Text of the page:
By Lisa Cypers Kamen.
If you had to publicly share every decision you make with the world, which would you bear more often: a scarlet letter or a badge of honor?
In our exceedingly fast-paced world, we are bombarded with situations that demand immediate decisions and judgment calls. Unspoken email etiquette requires a same-day response to each message that lands in our inboxes. And the assumed rapid response to text messages is even more demanding: Societal conventions say that if a few hours pass before you respond, you’ve dropped the ball. Gone, it seems, are the days of decisions made at a snail-mail speed.
But all of society’s emphasis on speed can land us in a dangerous decision-making trap. When we make decisions faster, giving less thought to potential outcomes, we often see our own actions as less meaningful.
True, our intuition can often be a good indicator of the “right” decision. But the process of weighing pros and cons is also healthy: Taking a step back to think through a decision is a process that requires us to be personally invested in the actions we take.
In reality, we will never have to carry around a sign that states what actions we’ve made that day. Without much effort, we could go through life denying or ignoring the consequences of our actions. But it’s impossible to be happy if you don’t accept yourself for who you are, and a big part of who we are is the decisions we make and the actions we take.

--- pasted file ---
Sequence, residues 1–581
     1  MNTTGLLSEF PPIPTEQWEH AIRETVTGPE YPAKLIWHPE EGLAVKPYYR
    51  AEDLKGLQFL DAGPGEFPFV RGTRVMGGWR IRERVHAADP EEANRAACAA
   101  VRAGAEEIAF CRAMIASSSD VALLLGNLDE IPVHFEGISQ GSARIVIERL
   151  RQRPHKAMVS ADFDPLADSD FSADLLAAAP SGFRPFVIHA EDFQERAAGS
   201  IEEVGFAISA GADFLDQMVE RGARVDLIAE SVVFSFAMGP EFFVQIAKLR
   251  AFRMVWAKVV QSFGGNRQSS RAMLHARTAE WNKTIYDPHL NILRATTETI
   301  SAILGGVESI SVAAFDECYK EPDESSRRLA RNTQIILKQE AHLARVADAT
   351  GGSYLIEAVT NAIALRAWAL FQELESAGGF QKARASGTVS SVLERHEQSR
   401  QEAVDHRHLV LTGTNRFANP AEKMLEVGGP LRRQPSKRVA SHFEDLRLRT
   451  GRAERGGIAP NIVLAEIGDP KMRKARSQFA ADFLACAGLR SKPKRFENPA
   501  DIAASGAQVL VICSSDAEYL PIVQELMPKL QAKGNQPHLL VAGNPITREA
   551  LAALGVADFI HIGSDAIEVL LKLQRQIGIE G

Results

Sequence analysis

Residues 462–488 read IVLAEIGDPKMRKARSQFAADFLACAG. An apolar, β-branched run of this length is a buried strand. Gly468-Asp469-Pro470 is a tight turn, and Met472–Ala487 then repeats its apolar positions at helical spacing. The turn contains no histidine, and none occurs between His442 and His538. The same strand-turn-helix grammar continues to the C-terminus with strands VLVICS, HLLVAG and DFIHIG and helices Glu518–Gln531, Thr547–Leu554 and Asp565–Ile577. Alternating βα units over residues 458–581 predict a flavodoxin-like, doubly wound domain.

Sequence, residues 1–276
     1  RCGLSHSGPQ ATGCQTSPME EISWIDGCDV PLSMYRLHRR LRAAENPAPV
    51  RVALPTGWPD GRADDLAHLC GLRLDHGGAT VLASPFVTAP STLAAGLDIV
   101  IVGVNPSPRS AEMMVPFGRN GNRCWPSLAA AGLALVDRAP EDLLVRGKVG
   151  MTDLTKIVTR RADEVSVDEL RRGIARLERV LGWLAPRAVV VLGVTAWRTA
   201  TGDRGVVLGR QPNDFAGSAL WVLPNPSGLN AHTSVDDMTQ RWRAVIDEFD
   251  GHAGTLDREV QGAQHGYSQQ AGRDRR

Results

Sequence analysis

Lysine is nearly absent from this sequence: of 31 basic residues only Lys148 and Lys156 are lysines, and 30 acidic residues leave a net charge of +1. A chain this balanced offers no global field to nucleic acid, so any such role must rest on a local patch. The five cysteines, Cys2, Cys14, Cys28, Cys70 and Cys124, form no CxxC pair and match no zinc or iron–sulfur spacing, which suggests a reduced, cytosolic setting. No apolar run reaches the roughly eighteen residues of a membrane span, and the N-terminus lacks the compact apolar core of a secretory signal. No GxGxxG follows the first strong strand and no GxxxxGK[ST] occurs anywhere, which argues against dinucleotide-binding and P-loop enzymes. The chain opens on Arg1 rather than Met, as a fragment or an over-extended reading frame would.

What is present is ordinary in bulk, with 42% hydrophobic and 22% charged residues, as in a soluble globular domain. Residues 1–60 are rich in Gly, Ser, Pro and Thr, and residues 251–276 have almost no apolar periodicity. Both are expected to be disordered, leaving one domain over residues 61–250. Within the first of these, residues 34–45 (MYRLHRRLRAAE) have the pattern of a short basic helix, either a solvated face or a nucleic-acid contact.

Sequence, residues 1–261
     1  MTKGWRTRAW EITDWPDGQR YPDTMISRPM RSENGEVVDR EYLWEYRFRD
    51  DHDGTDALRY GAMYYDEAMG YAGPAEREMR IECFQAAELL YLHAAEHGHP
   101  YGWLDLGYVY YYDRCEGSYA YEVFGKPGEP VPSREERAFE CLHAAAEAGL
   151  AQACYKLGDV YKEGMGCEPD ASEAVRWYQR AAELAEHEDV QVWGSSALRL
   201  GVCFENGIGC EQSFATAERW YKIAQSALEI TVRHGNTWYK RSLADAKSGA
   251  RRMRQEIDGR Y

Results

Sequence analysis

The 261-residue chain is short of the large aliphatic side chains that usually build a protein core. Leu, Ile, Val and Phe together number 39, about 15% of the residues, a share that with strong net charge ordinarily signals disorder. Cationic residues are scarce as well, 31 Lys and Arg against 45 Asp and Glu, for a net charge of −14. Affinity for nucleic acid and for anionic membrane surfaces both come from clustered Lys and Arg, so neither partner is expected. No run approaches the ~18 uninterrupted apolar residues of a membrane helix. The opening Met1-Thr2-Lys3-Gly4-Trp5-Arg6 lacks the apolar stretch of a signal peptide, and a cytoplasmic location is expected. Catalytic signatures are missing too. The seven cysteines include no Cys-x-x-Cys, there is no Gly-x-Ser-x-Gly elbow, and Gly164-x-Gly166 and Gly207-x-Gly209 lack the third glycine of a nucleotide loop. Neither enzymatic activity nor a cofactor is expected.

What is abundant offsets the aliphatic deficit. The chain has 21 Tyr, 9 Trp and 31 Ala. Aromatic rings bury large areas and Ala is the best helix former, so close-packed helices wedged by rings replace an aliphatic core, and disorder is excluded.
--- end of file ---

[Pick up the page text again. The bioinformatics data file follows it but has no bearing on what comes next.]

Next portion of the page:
So don’t slip into autopilot: take a moment and actively make a decision, instead of letting the moment decide for you. Own the actions you take by making decisions that bring together your heart, your mind, and your spirit. Besides, if you don’t own up to your actions, you lose out on the fun of reveling in your sound judgment when you accomplish something you’re proud of!
Happiness is an inside job®.
Starting tomorrow morning, write down every decision that you make during the first thirty minutes of your day. You don’t have to explain them in detail; a simple key word that will jog your memory is enough. At the end of the half hour, read through your list of actions.
How many did you actively think about, weighing pros and cons or taking into account the feelings of others? Would you be proud of those decisions if you were to communicate them to others?
For the rest of the day, take a little extra time to think through each decision before you make it, noticing how this ownership gives you peace of mind.
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